She was killed in a crosswalk. Meridian police say truck driver won’t be charged.

Safety tips for pedestrians

National Highway Traffic Safety Administration estimates 32 percent of all pedestrian fatalities occur between 8 pm and midnight. Here are a few simple tips to help keep yourself safe while walking near traffic.
Up Next
National Highway Traffic Safety Administration estimates 32 percent of all pedestrian fatalities occur between 8 pm and midnight. Here are a few simple tips to help keep yourself safe while walking near traffic.

The driver of a concrete truck that struck and killed woman in a Meridian crosswalk last October won’t be charged, Meridian police said Monday.

Sandy Hernandez-Nuno, 26, died at a local hospital on the same day as the crash.

Meridian police forwarded their investigation to prosecutors, who made the decision not to cite or charge the driver. Meridian contracts with the Boise City Attorneys Office to review cases for possible misdemeanor criminal charges, in this case misdemeanor vehicular manslaughter.

“This really appears to be one of those situations where it was a perfect storm and charging someone really doesn’t serve a purpose,” Deputy Police Chief Tracy Basterrechea told the Statesman via e-mail.

The collision occurred during a common daily scenario in the Treasure Valley: a driver turning right at an intersection and passing through a crosswalk.

Driver inattention was listed as a possible contributing factor in the fatal crash, according to the Idaho Transportation Department’s preliminary crash report.

Ultimately though, investigators never found any evidence that the 46-year-old Boise man was distracted, and witnesses told police that he took the corner slowly, Basterrechea said Monday in a phone interview. The driver worked for Sunroc Corp. of Orem, Utah.

Hernandez-Nuno was on her cellphone when she was hit, Basterrechea said. He said someone had honked at her, and it was unclear if she might have turned back briefly when that happened. Police were unable to find any video recordings of the crash.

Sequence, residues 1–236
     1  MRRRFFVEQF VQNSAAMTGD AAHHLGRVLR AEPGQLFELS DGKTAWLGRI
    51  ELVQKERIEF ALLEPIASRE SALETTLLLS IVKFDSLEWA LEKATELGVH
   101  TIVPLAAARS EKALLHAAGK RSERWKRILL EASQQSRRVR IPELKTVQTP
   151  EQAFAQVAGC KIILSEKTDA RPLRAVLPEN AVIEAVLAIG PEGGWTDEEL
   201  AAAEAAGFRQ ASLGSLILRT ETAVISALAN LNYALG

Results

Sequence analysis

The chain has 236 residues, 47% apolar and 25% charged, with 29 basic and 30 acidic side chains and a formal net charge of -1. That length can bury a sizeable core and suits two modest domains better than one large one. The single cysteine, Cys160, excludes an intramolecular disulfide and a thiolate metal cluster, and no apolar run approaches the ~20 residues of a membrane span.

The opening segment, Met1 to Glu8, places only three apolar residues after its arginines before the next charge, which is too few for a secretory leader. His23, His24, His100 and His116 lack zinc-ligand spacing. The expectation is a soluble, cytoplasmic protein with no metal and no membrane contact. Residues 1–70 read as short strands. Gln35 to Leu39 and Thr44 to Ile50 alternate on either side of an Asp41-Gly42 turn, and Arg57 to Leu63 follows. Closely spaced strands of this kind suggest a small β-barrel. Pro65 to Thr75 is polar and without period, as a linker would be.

Hernandez-Nuno had crossed a bike lane and six vehicle lanes when she was struck, and she was one traffic lane and a bike lane from reaching the curb when she was hit, a crash report diagram shows.

Her fiance, Joshua Swetland, told the Statesman on Monday that she was on her cellphone talking to him when she was hit. She was walking from her job at McDonald’s to some nearby shops to apply for another job.

“She said, ‘Some a--hole almost hit me,’ and then I heard the phone hit the ground, and then all I heard is ‘help’ and it sounded like her voice,” he recalled. “After that, it went quiet.”

Swetland said they were together for nine years. He called Hernandez-Nuno his wife even though they had not yet married; their wedding was planned to be later this year.

“My body is still in shock. It still feels like it’s a dream,” Swetland said. “I just put a fake face on, fake everything, to make people not ask me if I’m OK. I just put a fake smile on. I’m really in very bad pain. I just really miss her. I go to her grave every weekend — over somebody who didn’t want to pay attention or slow down around the corner.”

Don Kostelec, a pedestrian safety advocate with the Idaho Walk Bike Alliance, was surprised to hear that the driver would not be charged, given that Idaho law requires drivers to exercise due caution and that turning drivers must yield the right of way to pedestrians in crosswalks.

“Motorists have a responsibility when making a turn to examine everything, whether it’s vehicles present, pedestrians present or even a bicyclist making a turn,” Kostelec said.

The crash happened at about 5:25 p.m. on Oct. 16 at the intersection of North Eagle Road and West Ustick Road. It was more than 90 minutes before sunset on a cloudy day with dry streets, the crash report says.

The truck driver was traveling north on Eagle Road and turning right, or east, onto Ustick Road, while Hernandez-Nuno was walking south in the crosswalk on Ustick, police said.

The truck driver had a solid green light, and Hernandez-Nuno was crossing when the pedestrian signal said to “walk,” the crash report says.

As the driver was turning, the right front corner of the cement truck he was driving struck Hernandez-Nuno, the report says, and the impact threw her “into the path of the cement truck, and [she] was run over by the tires on the left side of the vehicle.”

The driver did not exhibit any signs of intoxication from alcohol or drugs, but his blood was tested for alcohol. None was found in his system, the crash report shows. Hernandez-Nuno also showed no signs of impairment; she was not tested for alcohol or drugs.

The posted speed limit on Eagle Road is 55 mph. On Ustick, it’s 35 mph. A GoFundMe raised $2,400 for funeral expenses for Henandez-Nuno.

Eagle & Ustick map.JPG
Sandy Hernandez-Nuno, who was walking north to south, had crossed six vehicle traffic lanes in the crosswalk on Ustick Road at Eagle Road, then was hit in the seventh lane by a concrete truck turning right from Eagle Road onto Ustick. Googlemaps screenshot